It is has long been pointed out that it is daft to charge people tax everytime they get repairs done to their home – it is a lot of paperwork and nonsense and just leads to people breaking the law, or not getting their homes repared (so they get worse and worse over time – and end up having to be knocked down).

    So Mr Brown has acted. But he has not just said “we are not going to charge V.A.T. on repairs anymore – after all we do not charge it on the sale of new houses”.

    He has introduced a new rate of V.A.T. (5%) on house repairs – as long as the owner is over 65 years of age.

    The urge to make everything more complicated (whilst saying that he is making things more simple) – he just can not resist it.

    As for the budget overall.

    Well government spending is going up again (health, education, help for the old, and [for once] defence).

    Whether (after all Mr Brown’s changes) the overall tax burden is going to stay much the same (as his people claim) or increase a bit – well I will leave that to the experts to judge (once they have gone through all the fine print).

    One point I would make is to be careful about judging the budget on the basis of the Thursday morning papers.

    Whether one is talking about the national newspapers or even experts in the city – they are still going to need a few days to read and think about all the changes.

    I would gues we will not know the truth till about Sunday.

  • Brad

    There is a sort of unhealthy symbiotic relationship between the whole financial services sector and Brown’s tax morass

    As a Certified Public Accountant I wish I could argue that you are wrong, but I can’t.

    I have to attend several “continuing education” courses throughout the year to maintain my certification. I get the distinct feeling that the vast majority of my peers either enjoy being know-it-all nabobs, in touch with the inner-sanctum of government bureaucracy, or DO see it all as silliness, but one that keeps the kids in braces and funds college educations. By and large, most are moribund folk who are merely marking time at such seminars because they have to, and have little or no desire to examine just what the hell it is that they are doing.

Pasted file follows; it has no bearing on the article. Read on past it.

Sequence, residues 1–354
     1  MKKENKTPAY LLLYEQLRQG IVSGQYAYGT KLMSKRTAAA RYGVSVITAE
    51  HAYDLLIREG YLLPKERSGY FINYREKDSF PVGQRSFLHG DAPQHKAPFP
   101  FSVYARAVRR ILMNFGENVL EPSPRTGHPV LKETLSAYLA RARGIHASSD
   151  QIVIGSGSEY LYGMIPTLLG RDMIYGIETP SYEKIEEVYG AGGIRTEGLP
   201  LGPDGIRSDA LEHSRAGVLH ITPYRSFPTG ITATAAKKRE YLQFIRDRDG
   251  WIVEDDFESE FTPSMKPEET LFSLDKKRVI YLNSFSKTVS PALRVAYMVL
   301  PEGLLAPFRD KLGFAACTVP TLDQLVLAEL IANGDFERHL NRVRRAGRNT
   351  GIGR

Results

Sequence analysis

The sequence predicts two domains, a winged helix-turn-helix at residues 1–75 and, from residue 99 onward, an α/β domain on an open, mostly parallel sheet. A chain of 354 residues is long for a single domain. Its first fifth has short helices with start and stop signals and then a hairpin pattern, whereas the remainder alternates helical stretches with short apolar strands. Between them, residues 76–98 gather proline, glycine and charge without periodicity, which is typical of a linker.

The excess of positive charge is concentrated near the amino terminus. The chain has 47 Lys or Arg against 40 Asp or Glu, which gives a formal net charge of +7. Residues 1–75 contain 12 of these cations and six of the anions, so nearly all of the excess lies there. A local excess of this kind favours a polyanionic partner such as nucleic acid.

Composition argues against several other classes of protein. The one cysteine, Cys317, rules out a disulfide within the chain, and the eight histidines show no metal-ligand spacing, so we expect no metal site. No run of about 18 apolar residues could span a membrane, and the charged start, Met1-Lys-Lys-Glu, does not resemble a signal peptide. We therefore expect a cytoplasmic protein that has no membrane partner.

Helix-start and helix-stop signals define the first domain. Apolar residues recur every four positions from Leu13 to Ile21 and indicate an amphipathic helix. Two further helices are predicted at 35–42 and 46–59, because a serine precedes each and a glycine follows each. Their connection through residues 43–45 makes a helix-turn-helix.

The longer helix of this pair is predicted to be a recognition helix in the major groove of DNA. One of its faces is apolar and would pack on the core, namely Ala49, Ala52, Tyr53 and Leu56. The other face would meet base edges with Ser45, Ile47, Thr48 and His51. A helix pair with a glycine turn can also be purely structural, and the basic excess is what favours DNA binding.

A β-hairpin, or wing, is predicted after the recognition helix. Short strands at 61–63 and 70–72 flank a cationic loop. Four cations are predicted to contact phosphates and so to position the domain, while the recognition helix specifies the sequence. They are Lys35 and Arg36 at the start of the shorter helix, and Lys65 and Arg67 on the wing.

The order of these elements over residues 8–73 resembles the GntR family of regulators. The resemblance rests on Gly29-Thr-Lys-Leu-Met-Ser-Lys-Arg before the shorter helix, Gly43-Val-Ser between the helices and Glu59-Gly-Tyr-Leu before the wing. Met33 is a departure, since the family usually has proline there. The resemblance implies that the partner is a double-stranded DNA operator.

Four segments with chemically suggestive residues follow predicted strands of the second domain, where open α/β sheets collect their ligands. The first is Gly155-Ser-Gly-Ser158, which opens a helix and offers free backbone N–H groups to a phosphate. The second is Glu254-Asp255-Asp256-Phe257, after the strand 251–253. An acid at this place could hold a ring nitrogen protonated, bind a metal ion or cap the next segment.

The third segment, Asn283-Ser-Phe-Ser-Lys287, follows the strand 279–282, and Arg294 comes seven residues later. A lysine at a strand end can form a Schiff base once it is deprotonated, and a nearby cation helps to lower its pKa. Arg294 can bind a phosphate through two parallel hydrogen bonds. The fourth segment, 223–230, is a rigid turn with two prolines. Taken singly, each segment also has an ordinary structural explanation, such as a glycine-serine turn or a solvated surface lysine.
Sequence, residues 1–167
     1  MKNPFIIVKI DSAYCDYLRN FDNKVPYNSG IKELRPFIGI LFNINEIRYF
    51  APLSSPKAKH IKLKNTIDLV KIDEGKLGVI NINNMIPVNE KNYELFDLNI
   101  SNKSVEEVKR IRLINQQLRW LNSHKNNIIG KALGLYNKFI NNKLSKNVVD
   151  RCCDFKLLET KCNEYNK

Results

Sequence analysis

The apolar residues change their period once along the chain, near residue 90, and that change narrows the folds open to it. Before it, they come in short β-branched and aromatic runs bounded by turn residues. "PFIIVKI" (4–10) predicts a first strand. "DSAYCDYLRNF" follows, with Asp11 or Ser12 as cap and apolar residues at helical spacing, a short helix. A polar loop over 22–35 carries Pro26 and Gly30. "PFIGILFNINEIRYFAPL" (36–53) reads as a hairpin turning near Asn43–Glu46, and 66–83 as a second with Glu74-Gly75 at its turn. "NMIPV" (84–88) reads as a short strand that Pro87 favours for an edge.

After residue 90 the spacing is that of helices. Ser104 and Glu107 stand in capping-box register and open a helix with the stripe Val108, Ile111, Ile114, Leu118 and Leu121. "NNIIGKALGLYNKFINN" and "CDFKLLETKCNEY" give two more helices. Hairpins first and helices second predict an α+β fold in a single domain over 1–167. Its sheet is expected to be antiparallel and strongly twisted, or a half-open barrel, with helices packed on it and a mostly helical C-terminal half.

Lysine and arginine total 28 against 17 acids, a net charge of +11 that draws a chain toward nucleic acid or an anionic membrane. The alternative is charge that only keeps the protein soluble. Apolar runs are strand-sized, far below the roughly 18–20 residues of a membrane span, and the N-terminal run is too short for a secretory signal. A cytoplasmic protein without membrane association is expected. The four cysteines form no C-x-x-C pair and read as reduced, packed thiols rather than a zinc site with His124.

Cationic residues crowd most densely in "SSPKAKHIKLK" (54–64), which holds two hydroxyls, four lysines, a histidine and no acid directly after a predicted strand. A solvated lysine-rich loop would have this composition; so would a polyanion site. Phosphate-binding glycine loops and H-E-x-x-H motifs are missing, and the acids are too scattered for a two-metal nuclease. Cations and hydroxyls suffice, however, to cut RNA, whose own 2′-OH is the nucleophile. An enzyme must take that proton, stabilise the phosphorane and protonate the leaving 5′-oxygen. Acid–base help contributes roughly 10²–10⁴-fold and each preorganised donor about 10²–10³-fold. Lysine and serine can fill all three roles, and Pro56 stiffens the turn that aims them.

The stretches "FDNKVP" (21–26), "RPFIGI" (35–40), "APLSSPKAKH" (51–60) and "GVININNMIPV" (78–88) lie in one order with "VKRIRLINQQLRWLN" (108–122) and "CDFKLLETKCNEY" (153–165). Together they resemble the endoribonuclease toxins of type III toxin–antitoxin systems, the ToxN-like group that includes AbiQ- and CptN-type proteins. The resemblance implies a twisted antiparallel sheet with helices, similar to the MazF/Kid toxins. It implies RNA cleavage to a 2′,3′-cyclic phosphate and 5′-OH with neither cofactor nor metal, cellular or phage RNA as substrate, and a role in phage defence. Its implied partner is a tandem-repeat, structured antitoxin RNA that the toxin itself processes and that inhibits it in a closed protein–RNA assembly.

In two generations, accountancy has gone from a leading profession, competent and willing to speak out on issues of the day, to one filled with brain-dead semi-bureaucrats fitting happily in their box. Perhaps there still some leading lights in the large international firms, but I certainly would hope that peers are the “shallower” end of the pool would have some desire to comprehend the corrosive effect interventionism has. But then again, why should one think that the product of socialist education, bereft of economic realities, should turn out accountants any differently than the rest of the population? In fact, I see economically illiterate accountants as proof that socialist education has all but won in its effort to stupify rather than educate.

  • “I am increasingly coming round to the view that libertarians and free-marketeer Tories should let Cameron realise that they prefer to keep in Labour than let the Tories win on a Big Government agenda.”

    But the Tories have promised to get rid of ID cards, for me this is of overwhelmingly more importance than a few fractions of % points more of less in the tax take.

  • Bernie

    A flat-tax, for example, would put a lot of these financial whizzkids out of business and force them to do something more useful instead.

    The complete abolition of all taxes would would still leave real financial whizzkids with a valuable job but would force the leaches to do something useful. Gordon and the rest of them as garbage truck crews would be a massive step up in their value to society.

  • Midwesterner

    I just heard discussion on National Public Radio here in the US of discussing dropping the entire tax code except for the Alternative Minimum Tax, which is a flat tax! I had to double check and make sure what station I had on. They argued against that solution because A, it is inflation adjusted and would creep upwards, and B, it penalizes married couples. Like I said, I had to double check the radio station. I thought those guys were supposed to be on the left.